India’s G20  Presidency: Inclusive, Decisive, Action-Oriented

India’s G20  Presidency: Inclusive, Decisive, Action-Oriented

India’s presidency of the Group of Twenty (G20) this year presented an exceptional opportunity for the world’s fifth-largest economy to spearhead a collective approach to tackle multiple, complex, and interconnected challenges, while considering the aspirations and needs of developing countries. In a diplomatic triumph, India, at the 18th G20 Summit in New Delhi, brought the whole world together to reach a consensus on the G20 New Delhi Leaders’ Declaration, fully embodying the spirit of this year’s G20 theme: ‘One Earth, One Family, One Future’


Team India, brilliantly led by Hon’ble Prime Minister Shri Narendra Modi, centred India’s G20 presidency on a forward-looking and result-oriented agenda for the world and the group as an exemplar of change, a vision for sustainability and growth, and a platform focused on attending crucial issues of the global south. Prime Minister Modi’s vision, based on India’s age-old ethic of Vasudhaiva Kutumbakam, vehemently reiterated that inclusiveness and global cooperation would fortify India’s G20 Presidency.

A framework of 4Ds defined India’s identification of its priorities as G20 President—the promotion of decarbonisation, digitalisation, equitable development, and the deescalation of conflict. These 4Ds were oriented towards the achievement of the United Nations Sustainable Development Goals (SDGs). These framing ideas were reflected across the seven Task Forces of Think20 (T20), an official Engagement Group of the G20 serving as an “idea bank” for the G20 by bringing together think tanks and high-level experts to discuss policy issues relevant to the group. The seven T20 task forces dealt with ‘Macroeconomics, Trade, and Livelihoods’; ‘Our Common Digital Future’; ‘LiFE, Resilience, and Values for Well-being’; ‘Clean Energy and Green Transitions’; ‘Reassessing the Global Financial Order’; ‘Accelerating SDGs’; and ‘Reformed Multilateralism,’ in all summing the key priorities of India.



“Congratulations Bharat, visionary leadership and the entire team for meticulous execution and successful conclusion of G20 summit in New Delhi. The historic summit, inspired by our civilizational ethos, would ever be remembered for forging consensus among world leaders on the urgent need to address common problems faced by humanity at large. G20 New Delhi Leaders’ Declaration, a comprehensive document, lays the roadmap for collective global action in building a prosperous future, embracing the essence and spirit of Vasudhaiva Kutumbakam – One Earth, One Family, One Future. I laud the Prime Minister’s vision that made it truly the people’s G20. More than 200 meetings in 60 cities covering all the states and union territories of India is unprecedented. At the same time, the leaders’ summit with 42 delegations was one of the largest in size, scale and scope. This has provided opportunity to the world to experience richness of diversity, democracy and talent of India. India’s G20 presidency has proven to be inclusive, ambitious, action-oriented, decisive and peoplecentric.”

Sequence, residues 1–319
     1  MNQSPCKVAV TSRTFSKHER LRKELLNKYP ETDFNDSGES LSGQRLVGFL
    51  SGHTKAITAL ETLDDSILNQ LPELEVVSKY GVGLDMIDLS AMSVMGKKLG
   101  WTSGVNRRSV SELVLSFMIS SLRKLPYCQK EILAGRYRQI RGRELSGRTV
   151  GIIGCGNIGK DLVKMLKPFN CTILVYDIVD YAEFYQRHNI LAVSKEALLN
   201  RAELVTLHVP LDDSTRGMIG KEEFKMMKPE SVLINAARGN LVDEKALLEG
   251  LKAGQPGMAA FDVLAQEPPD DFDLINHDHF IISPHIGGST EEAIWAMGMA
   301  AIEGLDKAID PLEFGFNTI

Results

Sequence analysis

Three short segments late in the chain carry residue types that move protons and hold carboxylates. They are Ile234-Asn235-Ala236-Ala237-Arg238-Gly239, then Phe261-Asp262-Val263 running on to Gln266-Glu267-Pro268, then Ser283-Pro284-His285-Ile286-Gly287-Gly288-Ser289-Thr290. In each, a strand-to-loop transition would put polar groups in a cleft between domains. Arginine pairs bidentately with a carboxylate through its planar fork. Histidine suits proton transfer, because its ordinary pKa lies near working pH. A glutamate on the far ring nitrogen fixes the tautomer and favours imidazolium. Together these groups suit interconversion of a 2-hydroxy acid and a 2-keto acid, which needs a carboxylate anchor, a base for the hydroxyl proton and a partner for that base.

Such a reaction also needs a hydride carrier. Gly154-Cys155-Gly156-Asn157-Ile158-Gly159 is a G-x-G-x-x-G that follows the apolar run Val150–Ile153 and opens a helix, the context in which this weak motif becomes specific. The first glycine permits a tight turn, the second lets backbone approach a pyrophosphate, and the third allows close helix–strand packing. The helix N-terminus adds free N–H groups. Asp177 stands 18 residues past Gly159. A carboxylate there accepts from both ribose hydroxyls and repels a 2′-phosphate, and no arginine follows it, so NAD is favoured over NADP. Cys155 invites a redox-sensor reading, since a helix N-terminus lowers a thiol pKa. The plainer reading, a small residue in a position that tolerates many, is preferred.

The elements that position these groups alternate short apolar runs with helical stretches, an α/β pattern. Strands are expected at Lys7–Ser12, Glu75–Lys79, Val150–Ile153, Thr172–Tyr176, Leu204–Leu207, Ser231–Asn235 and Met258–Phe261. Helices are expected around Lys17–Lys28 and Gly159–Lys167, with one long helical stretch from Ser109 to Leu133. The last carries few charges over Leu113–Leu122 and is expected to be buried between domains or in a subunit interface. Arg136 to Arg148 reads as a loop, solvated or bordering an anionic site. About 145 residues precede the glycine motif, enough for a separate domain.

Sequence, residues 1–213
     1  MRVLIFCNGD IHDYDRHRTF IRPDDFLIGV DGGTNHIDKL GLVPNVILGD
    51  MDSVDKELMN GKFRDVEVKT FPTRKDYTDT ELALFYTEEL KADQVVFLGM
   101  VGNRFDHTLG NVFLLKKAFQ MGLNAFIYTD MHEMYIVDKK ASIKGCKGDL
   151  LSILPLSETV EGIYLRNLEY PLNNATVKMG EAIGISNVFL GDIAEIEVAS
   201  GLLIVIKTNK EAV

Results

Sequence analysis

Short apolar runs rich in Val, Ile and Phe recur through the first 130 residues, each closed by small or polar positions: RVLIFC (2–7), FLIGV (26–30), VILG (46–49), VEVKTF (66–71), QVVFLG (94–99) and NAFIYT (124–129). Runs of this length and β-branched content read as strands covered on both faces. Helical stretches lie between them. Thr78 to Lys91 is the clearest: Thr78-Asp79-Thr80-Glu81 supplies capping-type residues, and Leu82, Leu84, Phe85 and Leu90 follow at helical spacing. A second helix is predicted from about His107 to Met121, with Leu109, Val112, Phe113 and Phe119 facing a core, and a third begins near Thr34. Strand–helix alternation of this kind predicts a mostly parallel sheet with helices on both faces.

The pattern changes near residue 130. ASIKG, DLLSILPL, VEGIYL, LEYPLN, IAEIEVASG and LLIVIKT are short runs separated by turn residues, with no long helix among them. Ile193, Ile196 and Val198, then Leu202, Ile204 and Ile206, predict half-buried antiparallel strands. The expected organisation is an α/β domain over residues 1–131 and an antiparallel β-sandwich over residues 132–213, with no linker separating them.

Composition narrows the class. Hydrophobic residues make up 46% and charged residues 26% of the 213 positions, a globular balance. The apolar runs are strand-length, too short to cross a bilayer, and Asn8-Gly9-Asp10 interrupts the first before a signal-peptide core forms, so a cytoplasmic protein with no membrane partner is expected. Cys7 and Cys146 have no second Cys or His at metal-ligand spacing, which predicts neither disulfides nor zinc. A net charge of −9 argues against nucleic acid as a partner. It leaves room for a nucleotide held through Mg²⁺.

India demonstrated remarkable diplomatic expertise and exceptional organisational skills when it hosted the 18th G20 Summit in New Delhi on September 9-10, 2023.

The New Delhi summit was a significant moment as it marked India’s inaugural G20 summit, and the culmination of numerous meetings and processes involving ministers, senior officials, and civil societies throughout the year. In addition to the leaders of G20 countries, India, as the G20 host nation, invited allied nations to the summit. Bangladesh, Egypt, Mauritius, the Netherlands, Nigeria, Oman, Singapore, Spain, and the UAE were among the guest nations in attendance. The summit’s theme, Vasudhaiva Kutumbakam – “One Earth, One Family, One Future” – emphasised India’s commitment to United Nations Sustainable Development Goals (SDGs), climate action, green development initiatives, multilateral financing, digital public infrastructure (DPI), artificial intelligence (AI), and international taxation, among other critical issues.

Being the first G20 summit in South Asia, the 2023 G20 Summit boasted the largest-ever delegation, with over 30 heads of state and government, as well as leaders from international organisations. The milestone underscored India’s growing economic influence and global presence, validating the country’s evolving foreign policy and its expanding geopolitical ambitions.